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### Problem Description

A sevenrh entry in our  "Numeric  T-Shirt" line:

Back of T-Shirt:  "Three prime 3-digit numbers that contain all of the digits 1 through 9 and have a 3-digit sum"

Front:       __ __ __
+  __ __ __
+  __ __ __
_________
__ __ __

### Background & Techniques

This problem is from Martin Gardner in his book "The Sixth Book of Scientific American Mathematical Games".  He solves it with a little logical reasoning and some trial and error.

With dumb computers, it is simpler to skip the logical reasoning part and just use trial and error.

These programs are primarily programming exercises and probably not of much interest to non-programmers (unless you want to custom make a mathematical T-shirt!).   So we'll skip straight to a discussion of the method the program uses to solve the problem.

I decided to approach the problem if two phases.  First we'll generate all 3 digit prime numbers that do not contain duplicate integers and do not contain zeros.  Our solution set must be chosen from these.   Button "Find Primes" does this by testing all numbers from 123 to 987  (the smallest and largest possible candidates).  I copied function IsPrime from the Tshirt 5 program to test for primeness, and added functions NoDups to make sure that the prime contained no duplicate digits and NoZeros makes sure that they contain no zeros. .   Numbers that pass all three tests are added to the Primes integer array and field Count keeps track of how many we have found.

In phase 2, triggered by the "Find Sum" button,  we'll check  all possible ways to select three different numbers from this set and find the set with the smallest sum.   (The original problem called for the smallest sum, I changed it to "a 3-digit sum" because I happen to know that the smallest sum has 3-digits and it just reads a little simpler.)   Since there are less than 100 primes which qualify, the number of ways we can select 3 from the set is less than 100x100x100 (1,000,000), a trivial number to check for today's computers.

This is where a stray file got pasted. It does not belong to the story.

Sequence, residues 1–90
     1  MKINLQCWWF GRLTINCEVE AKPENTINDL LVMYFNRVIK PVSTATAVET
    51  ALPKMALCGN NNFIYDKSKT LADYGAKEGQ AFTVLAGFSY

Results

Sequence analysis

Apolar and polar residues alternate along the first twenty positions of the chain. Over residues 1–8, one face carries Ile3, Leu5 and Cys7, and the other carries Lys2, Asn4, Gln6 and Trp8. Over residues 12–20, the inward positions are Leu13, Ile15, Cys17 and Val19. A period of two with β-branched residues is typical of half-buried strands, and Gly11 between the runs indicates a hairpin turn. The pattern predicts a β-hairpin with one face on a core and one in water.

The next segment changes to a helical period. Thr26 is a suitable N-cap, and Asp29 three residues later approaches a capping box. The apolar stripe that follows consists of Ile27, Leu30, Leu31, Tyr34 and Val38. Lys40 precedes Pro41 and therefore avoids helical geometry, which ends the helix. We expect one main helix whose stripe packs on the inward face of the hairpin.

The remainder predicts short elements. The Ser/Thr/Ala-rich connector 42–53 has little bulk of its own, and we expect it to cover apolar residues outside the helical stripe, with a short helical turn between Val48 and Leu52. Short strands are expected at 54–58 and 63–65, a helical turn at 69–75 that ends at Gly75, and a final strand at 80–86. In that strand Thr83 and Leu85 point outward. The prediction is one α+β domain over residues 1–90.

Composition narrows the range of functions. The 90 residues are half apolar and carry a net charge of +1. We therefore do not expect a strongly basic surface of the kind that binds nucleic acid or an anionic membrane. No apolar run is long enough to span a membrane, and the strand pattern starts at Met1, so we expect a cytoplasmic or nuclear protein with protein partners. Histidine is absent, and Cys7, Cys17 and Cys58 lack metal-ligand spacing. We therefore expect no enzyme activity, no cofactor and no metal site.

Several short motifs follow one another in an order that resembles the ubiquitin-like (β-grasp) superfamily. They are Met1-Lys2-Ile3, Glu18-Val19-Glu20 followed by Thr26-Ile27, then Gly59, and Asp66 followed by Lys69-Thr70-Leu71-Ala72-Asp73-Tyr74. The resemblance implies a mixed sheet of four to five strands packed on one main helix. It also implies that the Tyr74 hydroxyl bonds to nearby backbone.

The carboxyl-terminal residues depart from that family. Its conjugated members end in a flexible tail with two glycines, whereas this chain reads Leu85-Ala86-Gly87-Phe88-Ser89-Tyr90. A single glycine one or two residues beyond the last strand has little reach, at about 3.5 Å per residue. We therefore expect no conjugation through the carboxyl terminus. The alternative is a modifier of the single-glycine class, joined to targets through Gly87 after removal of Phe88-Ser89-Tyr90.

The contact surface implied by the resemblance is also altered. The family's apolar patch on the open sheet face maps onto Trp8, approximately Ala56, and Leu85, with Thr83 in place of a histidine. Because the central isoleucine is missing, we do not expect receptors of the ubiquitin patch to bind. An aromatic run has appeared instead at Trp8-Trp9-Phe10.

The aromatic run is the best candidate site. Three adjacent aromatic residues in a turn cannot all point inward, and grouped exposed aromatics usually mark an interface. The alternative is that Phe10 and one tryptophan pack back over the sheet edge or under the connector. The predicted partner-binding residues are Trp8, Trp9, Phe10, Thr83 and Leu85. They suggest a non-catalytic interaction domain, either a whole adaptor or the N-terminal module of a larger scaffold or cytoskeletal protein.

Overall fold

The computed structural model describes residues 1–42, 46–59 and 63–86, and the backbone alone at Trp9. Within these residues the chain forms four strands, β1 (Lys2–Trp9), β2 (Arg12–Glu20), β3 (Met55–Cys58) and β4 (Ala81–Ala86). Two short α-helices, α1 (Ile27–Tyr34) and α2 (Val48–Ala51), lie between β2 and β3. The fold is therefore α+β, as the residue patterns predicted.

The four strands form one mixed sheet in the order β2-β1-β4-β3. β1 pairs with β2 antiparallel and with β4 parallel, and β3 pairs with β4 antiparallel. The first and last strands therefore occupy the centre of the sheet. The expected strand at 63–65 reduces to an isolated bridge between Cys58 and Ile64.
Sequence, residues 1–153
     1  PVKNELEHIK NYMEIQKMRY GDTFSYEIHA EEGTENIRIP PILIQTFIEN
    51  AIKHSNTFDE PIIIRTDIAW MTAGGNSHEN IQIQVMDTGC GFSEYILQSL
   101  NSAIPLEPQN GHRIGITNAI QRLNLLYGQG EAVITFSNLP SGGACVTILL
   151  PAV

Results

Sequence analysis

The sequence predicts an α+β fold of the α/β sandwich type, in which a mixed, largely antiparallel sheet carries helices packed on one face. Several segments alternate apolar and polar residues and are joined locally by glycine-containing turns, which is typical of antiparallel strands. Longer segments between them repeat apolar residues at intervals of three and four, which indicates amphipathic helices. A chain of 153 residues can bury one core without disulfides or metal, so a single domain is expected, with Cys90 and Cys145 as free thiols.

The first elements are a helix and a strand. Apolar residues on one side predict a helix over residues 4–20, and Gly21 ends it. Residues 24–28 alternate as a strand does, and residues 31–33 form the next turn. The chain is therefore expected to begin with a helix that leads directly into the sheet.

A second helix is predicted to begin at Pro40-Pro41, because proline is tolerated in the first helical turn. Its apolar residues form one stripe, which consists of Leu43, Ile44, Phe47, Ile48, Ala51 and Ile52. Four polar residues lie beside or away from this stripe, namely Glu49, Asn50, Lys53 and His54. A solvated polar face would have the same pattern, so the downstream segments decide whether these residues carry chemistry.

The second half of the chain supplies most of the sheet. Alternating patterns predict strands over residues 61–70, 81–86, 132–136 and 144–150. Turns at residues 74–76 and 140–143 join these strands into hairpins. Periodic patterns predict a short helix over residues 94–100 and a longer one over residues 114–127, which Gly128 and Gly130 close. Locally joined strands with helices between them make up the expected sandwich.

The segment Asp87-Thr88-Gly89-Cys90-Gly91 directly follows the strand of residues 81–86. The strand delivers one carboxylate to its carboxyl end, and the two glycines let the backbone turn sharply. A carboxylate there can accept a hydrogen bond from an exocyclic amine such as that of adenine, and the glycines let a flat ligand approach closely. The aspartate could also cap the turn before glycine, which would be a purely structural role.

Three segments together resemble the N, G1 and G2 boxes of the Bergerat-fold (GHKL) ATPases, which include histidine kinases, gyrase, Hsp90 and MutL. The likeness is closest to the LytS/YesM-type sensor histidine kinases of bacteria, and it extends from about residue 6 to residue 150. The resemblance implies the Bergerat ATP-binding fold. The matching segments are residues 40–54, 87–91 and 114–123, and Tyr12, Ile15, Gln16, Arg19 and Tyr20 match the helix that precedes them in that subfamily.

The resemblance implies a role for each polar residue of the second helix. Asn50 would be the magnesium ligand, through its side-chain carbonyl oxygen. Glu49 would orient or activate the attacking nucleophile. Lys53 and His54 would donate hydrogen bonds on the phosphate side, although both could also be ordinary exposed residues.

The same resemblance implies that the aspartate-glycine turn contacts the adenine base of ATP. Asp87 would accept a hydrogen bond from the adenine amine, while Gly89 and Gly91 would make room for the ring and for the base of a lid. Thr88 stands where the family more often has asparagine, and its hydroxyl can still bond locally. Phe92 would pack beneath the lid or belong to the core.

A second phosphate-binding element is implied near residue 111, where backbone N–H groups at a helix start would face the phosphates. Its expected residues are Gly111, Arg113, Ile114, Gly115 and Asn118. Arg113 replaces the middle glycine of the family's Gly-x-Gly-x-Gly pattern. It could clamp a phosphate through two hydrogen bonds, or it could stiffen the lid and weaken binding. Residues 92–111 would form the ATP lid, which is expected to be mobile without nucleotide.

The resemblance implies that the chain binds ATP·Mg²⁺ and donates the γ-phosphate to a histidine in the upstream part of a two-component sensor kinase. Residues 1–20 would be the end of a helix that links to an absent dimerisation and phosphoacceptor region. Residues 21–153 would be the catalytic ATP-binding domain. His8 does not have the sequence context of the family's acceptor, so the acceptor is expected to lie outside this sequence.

Combinations There are actually only 83 primes generated by phase  1.  Therefore the number of subsets to check is the number of ways we can select unique sets of 3 numbers from the 83.  This is the number of Combinations of 83 things taken 3 at a time, commonly denoted as C(83,3).  The formula for C(n,r) is  n!/(n-r)!/r!.  In our case this is 83x82x81/(3x2) or only 91,881 cases to test!.

Since the order of the subsets does not matter, we need to examine the number of combinations of 3 number subsets selected from the entire set of primes built in Phase 1.  The simplest way to select  combinations of  small subsets of items from a large set is with nested loops like this:

for i:=1 to count-2 do
begin
n1:=Primes[I]; {get the first prime}
for j:= i+1 to count-1 do
begin
n2:=Primes[j]; {get the second prime}
if nodups2(n1,n2) then {if unique from n1 then...}
for k:= j+1 to count do
begin
n3:=Primes[k]; {get the third prime}
if nodups2(n1,n3) and nodups2(n2,n3) then
begin  {we have found three primes containing all 9 digits}
{etc.- a few more lines of code to save and list the set with the smallest sum }
end;
end;
end;
end;

NoDups2 is a function that checks to make sure that two passed number have no digits in common.  If we find three 3-digit numbers with no digits in common and no zeros, they must contain all of the digits 1-9.    For simplicity, we'll just list each new smallest sum that we find - the last one listed will be our answer.

### Suggestions for Further Explorations

My original thought was to generate all permutations of 3 digits selected from the set of digits 1..9 and save those that passed the primeness test.    Selecting permutation subsets seems more complicated than the enumerate-and-test  procedure used here but it is certainly another way to skin this cat.

An alternative, and simpler,  version of the T-Shirt message is  "The only set of  3-digit primes containing all of the digits 1 through 9 and whose sum is a 3-digit number."   It's an  interesting exercise to prove that this problem statement produces the same result.

 Originally posted: June 9,  2003 Modified:July 29, 2017